Bob Sutton: Hallmarks of Great Bosses | Summary and Q&A

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November 23, 2010
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Stanford eCorner
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Bob Sutton: Hallmarks of Great Bosses

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Summary

This video discusses the qualities of effective bosses who are in tune with their employees. These bosses are perfectly assertive, knowing when to push and when to back off. They understand the needs of their team and adapt their leadership style accordingly. Additionally, they practice management by getting out of the way, allowing for creativity and minimizing micromanagement. The importance of not constantly evaluating employees and stifling their creativity is emphasized.

Questions & Answers

Q: What is one of the main qualities of effective bosses mentioned in the video?

One of the main qualities of effective bosses mentioned in the video is being perfectly assertive. Research has shown that the best bosses are rated woefully average in terms of assertiveness by their followers. It is not about being medium all the time, but rather having the ability to turn up the volume, be pushy when needed, provide negative feedback, and back off at the right time.

Q: How does the example of Tommy Lasorda illustrate the concept of knowing when to push and when to back off?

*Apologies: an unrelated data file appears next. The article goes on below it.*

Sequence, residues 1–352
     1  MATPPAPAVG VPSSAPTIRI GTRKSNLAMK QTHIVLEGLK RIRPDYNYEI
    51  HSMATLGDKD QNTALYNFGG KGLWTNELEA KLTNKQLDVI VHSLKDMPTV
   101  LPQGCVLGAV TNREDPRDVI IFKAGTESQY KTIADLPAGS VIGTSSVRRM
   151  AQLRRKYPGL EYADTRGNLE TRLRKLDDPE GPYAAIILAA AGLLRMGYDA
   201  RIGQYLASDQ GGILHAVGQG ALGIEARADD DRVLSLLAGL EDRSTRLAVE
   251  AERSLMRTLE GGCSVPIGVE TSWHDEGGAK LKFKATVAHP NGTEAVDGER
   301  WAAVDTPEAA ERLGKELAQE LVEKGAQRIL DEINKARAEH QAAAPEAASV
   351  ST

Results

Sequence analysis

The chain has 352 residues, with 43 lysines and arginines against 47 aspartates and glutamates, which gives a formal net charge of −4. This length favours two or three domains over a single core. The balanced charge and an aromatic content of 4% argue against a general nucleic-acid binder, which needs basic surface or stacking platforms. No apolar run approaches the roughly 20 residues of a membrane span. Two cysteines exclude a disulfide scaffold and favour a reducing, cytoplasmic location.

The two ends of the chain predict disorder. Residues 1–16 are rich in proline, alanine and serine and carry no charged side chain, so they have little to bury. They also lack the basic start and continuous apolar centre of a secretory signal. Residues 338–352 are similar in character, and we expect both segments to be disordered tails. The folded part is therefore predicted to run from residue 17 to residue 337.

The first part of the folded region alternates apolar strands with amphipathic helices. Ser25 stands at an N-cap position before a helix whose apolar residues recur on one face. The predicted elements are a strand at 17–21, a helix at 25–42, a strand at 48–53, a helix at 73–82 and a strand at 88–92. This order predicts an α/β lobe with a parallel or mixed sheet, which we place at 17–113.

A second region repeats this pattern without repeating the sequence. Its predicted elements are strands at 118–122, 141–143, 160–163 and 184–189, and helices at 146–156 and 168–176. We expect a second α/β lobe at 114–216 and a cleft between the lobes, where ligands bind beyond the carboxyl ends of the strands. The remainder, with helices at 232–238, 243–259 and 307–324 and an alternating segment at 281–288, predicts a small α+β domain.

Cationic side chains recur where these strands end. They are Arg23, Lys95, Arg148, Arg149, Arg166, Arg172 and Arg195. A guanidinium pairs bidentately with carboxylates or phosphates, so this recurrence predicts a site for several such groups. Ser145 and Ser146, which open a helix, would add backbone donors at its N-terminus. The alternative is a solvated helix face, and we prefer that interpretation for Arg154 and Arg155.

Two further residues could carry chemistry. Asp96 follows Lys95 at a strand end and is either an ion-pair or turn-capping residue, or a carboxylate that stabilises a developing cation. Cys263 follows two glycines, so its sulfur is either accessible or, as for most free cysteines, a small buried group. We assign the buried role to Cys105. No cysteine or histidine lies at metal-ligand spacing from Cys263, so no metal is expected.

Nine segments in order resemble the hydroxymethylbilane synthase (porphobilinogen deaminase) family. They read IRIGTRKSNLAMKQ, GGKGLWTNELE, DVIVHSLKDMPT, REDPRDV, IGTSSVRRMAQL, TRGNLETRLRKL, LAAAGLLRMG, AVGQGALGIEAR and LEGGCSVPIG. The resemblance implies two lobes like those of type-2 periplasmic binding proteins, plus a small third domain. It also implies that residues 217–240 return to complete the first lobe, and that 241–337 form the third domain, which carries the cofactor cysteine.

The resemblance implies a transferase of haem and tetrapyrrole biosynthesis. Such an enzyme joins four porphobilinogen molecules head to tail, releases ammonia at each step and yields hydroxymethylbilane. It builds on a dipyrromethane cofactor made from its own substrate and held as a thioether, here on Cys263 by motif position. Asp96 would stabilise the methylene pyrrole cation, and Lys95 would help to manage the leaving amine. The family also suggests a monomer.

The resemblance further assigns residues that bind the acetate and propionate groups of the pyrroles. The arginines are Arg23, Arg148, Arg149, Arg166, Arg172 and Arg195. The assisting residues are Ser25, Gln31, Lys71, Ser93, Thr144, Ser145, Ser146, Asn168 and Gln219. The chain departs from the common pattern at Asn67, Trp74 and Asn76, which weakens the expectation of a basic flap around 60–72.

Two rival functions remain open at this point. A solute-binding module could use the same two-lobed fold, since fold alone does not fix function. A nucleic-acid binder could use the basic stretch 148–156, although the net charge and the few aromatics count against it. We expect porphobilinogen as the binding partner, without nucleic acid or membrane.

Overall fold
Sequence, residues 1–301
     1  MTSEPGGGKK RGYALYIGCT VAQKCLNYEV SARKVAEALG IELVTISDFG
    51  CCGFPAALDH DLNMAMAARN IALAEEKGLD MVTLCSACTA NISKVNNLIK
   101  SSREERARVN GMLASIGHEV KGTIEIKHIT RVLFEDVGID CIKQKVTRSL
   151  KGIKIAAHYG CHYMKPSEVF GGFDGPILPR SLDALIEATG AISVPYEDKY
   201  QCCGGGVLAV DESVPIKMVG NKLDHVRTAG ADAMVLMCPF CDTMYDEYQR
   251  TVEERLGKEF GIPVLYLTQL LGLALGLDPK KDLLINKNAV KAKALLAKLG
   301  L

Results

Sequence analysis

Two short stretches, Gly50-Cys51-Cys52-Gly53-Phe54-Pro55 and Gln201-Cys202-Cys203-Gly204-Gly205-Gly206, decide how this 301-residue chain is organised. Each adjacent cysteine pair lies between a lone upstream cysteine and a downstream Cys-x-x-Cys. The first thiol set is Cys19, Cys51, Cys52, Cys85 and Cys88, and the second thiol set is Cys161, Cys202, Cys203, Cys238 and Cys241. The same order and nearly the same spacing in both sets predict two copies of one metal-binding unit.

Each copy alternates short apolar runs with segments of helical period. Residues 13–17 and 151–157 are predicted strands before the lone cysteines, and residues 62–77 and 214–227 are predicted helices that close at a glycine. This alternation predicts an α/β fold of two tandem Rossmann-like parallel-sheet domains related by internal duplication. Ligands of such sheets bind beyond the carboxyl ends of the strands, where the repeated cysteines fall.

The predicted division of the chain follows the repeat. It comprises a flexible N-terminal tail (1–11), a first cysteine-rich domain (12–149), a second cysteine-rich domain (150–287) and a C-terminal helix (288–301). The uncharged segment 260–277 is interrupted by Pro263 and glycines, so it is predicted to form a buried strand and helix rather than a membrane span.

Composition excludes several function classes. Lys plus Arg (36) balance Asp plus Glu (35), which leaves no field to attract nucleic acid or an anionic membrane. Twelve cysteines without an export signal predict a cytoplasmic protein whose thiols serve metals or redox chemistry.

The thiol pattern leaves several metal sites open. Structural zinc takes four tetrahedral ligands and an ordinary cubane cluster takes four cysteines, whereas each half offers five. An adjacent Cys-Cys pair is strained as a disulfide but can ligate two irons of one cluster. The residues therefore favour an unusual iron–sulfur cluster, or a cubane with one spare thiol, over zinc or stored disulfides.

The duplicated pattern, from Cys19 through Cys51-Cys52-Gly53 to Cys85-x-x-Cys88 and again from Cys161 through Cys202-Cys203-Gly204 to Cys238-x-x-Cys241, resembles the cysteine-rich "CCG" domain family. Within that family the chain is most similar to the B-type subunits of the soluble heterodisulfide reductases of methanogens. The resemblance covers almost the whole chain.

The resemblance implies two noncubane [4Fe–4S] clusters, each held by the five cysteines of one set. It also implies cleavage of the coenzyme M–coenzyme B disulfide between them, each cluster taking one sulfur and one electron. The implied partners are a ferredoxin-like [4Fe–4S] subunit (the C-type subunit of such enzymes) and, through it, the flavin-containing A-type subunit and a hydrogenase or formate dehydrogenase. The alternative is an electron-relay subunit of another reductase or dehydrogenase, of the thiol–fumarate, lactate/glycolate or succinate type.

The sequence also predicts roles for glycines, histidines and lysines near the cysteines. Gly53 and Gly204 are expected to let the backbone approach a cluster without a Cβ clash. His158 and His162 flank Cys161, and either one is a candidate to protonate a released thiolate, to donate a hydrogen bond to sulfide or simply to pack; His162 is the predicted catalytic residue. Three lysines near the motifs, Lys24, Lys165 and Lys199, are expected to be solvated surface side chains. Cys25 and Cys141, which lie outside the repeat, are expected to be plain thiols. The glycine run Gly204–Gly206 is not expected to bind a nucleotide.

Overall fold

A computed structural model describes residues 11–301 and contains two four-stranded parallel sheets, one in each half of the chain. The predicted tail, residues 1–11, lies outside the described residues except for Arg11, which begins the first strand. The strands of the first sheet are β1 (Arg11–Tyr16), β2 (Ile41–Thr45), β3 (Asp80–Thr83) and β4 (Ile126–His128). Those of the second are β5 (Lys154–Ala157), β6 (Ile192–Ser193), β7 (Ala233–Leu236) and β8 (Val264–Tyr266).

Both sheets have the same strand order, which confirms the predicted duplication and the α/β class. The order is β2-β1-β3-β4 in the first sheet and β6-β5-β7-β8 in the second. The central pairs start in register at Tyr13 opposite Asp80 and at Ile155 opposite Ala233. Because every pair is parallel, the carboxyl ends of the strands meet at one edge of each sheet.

The example of Tommy Lasorda, former manager of the Dodgers, perfectly captures the essence of knowing when to push and when to back off. His quote, "I believe managing is like holding a dove in your hand: if you hold it too tightly, you'd kill it; if you hold it too loosely, you lose it," emphasizes the delicate balance between exerting control and giving freedom. Effective bosses understand the importance of finding this balance to bring out the best in their employees.

Q: Why is 'first, do no harm' especially important when leading people who do creative work?

'First, do no harm' is especially important when leading people who do creative work because closely monitoring, constant evaluation, and frequent milestones tend to stifle creativity. Research has shown that when employees are watched more closely and evaluated more often, they tend to stick to tried and true methods to avoid making mistakes in front of their bosses. Creativity thrives in an environment that allows for failure, uncertainty, and freedom from constant scrutiny.

Q: Can you provide an example of 'management by getting out of the way'?

A great example of 'management by getting out of the way' is David Kelley, the founder of IDEO and the d.school. He is known for convening meetings and if things go well, he walks to the back of the room and then walks out. He believes that while he is a leader, his authority can sometimes hinder the team's performance. By physically removing himself from the room, he creates an environment where creativity can flourish without the influence of his presence.

Q: What is one potential problem with the ethos of constant management and evaluation?

One problem with the ethos of constant management and evaluation is that it creates the misconception that being in people's faces all the time leads to better performance. However, research has shown that this approach stifles creativity and innovation. Constantly digging up the seed after planting it, in the words of Bill Coin who led R&D at 3M, prevents growth and progress. Giving employees space and trust can lead to better outcomes.